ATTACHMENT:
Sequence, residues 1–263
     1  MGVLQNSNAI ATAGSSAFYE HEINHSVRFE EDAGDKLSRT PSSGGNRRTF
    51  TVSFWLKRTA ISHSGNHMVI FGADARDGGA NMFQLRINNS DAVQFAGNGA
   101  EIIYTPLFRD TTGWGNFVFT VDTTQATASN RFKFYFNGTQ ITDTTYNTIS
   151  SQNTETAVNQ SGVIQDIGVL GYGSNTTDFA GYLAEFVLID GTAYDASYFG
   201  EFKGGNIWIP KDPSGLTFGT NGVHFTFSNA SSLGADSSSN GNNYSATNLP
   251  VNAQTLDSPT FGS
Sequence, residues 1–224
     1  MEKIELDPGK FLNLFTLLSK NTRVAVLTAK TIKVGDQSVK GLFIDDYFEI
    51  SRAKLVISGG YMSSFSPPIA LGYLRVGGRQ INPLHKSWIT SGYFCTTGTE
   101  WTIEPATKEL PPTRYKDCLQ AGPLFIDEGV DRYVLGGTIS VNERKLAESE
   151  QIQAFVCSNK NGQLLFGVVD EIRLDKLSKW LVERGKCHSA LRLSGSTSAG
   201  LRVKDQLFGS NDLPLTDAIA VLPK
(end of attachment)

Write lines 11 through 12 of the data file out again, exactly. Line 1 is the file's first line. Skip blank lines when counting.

   101  WTIEPATKEL PPTRYKDCLQ AGPLFIDEGV DRYVLGGTIS VNERKLAESE
   151  QIQAFVCSNK NGQLLFGVVD EIRLDKLSKW LVERGKCHSA LRLSGSTSAG